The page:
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A "Second Opinion" on the Economic Health of the American Middle Class

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Listed:
  • Richard V. Burkhauser
  • Jeff Larrimore
  • Kosali I. Simon

Abstract

Researchers considering levels and trends in the resources available to the middle class traditionally measure the pre-tax cash income of either tax units or households. In this paper, we demonstrate that this choice carries significant implications for assessing income trends. Focusing on tax units rather than households greatly reduces measured growth in middle class income. Furthermore, excluding the effect of taxes and the value of in-kind benefits further reduces observed improvements in the resources of the middle class. Finally, we show how these distinctions change the observed distribution of benefits from the tax exclusion of employer provided health insurance.

Suggested Citation

  • Richard V. Burkhauser & Jeff Larrimore & Kosali I. Simon, 2011. "A "Second Opinion" on the Economic Health of the American Middle Class," NBER Working Papers 17164, National Bureau of Economic Research, Inc.
  • Handle: RePEc:nbr:nberwo:17164
    Note: HC HE LS PE
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    References listed on IDEAS

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    10. Richard V. Burkhauser & Kosali I. Simon, 2010. "Measuring the Impact of Health Insurance on Levels and Trends in Inequality," NBER Working Papers 15811, National Bureau of Economic Research, Inc.
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    1. Is Income Stagnation a Myth?
      by Karl Smith in Modeled Behavior on 2011-09-21 01:34:55

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    Cited by:

    1. Larrimore, Jeff & Splinter, David, 2019. "How much does health insurance cost? Comparison of premiums in administrative and survey data," Economics Letters, Elsevier, vol. 174(C), pages 132-135.
    2. Bargain, Olivier & Dolls, Mathias & Immervoll, Herwig & Neumann, Dirk & Peichl, Andreas & Pestel, Nico & Siegloch, Sebastian, 2013. "Partisan Tax Policy and Income Inequality in the U.S., 1979-2007," IZA Discussion Papers 7190, Institute of Labor Economics (IZA).
    3. Aaberge, Rolf & Eika, Lasse & Langørgen, Audun & Mogstad, Magne, 2019. "Local governments, in-kind transfers, and economic inequality," Journal of Public Economics, Elsevier, vol. 180(C).
    4. Krueger, D. & Mitman, K. & Perri, F., 2016. "Macroeconomics and Household Heterogeneity," Handbook of Macroeconomics, in: J. B. Taylor & Harald Uhlig (ed.), Handbook of Macroeconomics, edition 1, volume 2, chapter 0, pages 843-921, Elsevier.
    5. Bargain, Olivier & Dolls, Mathias & Immervoll, Herwig & Neumann, Dirk & Peichl, Andreas & Pestel, Nico & Siegloch, Sebastian, 2014. "Tax policy and income inequality in the US, 1979-2007," ZEW Discussion Papers 14-001, ZEW - Leibniz Centre for European Economic Research.
    6. Hai‐Anh H. Dang & Peter F. Lanjouw, 2017. "Welfare Dynamics Measurement: Two Definitions of a Vulnerability Line and Their Empirical Application," Review of Income and Wealth, International Association for Research in Income and Wealth, vol. 63(4), pages 633-660, December.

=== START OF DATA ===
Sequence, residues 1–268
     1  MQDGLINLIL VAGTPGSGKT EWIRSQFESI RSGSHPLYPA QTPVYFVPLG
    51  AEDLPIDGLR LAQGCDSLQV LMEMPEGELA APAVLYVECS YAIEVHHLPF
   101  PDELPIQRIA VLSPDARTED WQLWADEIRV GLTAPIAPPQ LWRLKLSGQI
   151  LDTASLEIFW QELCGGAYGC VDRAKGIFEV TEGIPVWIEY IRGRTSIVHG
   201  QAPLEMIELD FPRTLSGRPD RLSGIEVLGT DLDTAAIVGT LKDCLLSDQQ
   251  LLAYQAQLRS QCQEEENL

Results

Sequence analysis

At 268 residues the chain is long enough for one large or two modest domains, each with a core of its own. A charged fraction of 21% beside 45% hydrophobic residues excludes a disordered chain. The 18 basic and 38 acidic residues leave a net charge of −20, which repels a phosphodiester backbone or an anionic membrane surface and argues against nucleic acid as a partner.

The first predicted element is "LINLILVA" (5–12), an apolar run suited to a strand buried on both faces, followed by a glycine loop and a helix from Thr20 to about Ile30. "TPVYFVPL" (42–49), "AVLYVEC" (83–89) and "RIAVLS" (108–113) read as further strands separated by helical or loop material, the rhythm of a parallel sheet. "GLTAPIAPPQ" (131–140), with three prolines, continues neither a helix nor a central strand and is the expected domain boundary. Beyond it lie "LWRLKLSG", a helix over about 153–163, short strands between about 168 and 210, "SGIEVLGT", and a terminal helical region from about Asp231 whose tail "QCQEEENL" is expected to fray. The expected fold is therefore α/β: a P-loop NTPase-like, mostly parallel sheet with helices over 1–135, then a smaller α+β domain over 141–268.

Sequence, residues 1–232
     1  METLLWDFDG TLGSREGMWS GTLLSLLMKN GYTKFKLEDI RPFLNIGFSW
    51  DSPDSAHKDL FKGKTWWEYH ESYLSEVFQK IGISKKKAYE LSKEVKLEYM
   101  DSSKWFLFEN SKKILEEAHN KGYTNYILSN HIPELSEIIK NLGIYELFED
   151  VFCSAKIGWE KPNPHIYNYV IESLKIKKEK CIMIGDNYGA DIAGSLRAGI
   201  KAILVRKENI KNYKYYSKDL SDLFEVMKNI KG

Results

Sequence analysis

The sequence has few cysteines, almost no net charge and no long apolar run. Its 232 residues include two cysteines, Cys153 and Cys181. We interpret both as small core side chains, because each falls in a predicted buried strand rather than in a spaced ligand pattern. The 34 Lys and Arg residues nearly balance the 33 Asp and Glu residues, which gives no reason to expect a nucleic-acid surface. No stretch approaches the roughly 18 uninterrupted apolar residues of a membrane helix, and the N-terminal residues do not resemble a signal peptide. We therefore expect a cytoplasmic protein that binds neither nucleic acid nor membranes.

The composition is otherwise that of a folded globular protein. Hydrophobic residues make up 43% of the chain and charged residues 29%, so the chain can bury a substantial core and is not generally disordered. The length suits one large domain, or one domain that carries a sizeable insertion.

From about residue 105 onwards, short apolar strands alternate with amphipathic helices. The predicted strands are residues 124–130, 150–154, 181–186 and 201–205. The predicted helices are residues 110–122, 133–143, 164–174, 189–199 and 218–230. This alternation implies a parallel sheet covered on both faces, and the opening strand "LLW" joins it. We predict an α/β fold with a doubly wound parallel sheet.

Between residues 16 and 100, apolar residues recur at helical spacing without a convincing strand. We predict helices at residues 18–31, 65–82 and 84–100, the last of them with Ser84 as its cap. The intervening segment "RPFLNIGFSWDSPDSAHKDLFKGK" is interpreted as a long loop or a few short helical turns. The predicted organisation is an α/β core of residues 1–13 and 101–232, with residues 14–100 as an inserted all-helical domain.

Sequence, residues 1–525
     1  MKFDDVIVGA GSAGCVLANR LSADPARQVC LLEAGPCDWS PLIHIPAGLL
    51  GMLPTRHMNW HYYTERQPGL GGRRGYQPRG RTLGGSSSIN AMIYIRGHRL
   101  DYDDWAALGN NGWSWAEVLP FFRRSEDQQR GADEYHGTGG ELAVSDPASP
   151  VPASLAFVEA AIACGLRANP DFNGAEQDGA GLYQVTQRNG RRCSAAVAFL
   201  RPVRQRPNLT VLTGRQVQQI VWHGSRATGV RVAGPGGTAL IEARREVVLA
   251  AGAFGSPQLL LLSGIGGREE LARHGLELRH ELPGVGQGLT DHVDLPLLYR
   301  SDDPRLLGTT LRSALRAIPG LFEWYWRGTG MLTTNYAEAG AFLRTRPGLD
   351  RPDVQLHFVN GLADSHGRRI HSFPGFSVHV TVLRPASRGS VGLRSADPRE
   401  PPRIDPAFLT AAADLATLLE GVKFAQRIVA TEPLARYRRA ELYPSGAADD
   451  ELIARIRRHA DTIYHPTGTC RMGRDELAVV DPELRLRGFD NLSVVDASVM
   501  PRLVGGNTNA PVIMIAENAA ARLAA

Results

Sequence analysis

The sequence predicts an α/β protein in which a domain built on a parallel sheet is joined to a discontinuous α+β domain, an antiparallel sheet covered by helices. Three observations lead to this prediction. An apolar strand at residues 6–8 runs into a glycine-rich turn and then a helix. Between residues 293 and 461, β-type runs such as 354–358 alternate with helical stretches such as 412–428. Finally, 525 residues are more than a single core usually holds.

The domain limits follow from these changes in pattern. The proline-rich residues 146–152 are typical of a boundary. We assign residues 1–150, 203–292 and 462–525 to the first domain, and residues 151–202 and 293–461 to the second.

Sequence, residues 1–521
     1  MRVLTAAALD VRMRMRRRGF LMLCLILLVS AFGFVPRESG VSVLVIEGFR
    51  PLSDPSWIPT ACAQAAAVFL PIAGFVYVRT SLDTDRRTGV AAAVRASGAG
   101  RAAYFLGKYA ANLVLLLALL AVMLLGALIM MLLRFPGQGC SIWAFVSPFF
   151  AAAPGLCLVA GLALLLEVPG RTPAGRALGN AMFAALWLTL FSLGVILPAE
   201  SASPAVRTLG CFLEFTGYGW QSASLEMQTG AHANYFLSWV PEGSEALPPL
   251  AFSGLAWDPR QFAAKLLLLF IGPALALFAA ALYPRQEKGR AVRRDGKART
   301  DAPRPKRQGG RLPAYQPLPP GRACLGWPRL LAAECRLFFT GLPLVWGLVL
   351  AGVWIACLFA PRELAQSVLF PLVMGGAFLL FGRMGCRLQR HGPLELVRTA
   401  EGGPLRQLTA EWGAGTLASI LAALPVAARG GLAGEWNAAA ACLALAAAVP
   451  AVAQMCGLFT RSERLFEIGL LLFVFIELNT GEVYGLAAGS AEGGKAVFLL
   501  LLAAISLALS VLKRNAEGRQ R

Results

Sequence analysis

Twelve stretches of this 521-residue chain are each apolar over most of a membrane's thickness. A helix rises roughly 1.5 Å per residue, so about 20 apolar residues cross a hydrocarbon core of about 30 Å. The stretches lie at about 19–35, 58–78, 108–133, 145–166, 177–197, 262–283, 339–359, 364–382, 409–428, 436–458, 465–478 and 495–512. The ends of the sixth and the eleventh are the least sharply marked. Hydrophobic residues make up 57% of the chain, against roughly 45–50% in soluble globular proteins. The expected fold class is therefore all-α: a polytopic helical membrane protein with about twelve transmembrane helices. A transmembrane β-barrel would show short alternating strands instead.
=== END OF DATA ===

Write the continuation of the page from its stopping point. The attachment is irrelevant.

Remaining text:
7. Korenman, Sanders D. & Remler, Dahlia K., 2016. "Including health insurance in poverty measurement: The impact of Massachusetts health reform on poverty," Journal of Health Economics, Elsevier, vol. 50(C), pages 27-35.
    8. Salvatore Morelli & Timothy Smeeding & Jeffrey Thompson, 2014. "Post-1970 Trends in Within-Country Inequality and Poverty: Rich and Middle Income Countries," CSEF Working Papers 356, Centre for Studies in Economics and Finance (CSEF), University of Naples, Italy.
    9. Vanda Almeida, 2020. "Income Inequality and Redistribution in the Aftermath of the 2007-2008 Crisis: The U.S. Case," National Tax Journal, National Tax Association;National Tax Journal, vol. 73(1), pages 77-114, March.
    10. Richard Burkhauser & Markus Hahn & Roger Wilkins, 2015. "Measuring top incomes using tax record data: a cautionary tale from Australia," The Journal of Economic Inequality, Springer;Society for the Study of Economic Inequality, vol. 13(2), pages 181-205, June.
    11. Jeff Larrimore & Jacob Mortenson & David Splinter, 2015. "Income and Earnings Mobility in U.S. Tax Data," Finance and Economics Discussion Series 2015-61, Board of Governors of the Federal Reserve System (U.S.).
    12. Dennis Fixler & David S. Johnson, 2014. "Accounting for the Distribution of Income in the U.S. National Accounts," NBER Chapters, in: Measuring Economic Sustainability and Progress, pages 213-244, National Bureau of Economic Research, Inc.

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    More about this item

    JEL classification:

    • H2 - Public Economics - - Taxation, Subsidies, and Revenue
    • H24 - Public Economics - - Taxation, Subsidies, and Revenue - - - Personal Income and Other Nonbusiness Taxes and Subsidies
    • I18 - Health, Education, and Welfare - - Health - - - Government Policy; Regulation; Public Health
    • J3 - Labor and Demographic Economics - - Wages, Compensation, and Labor Costs

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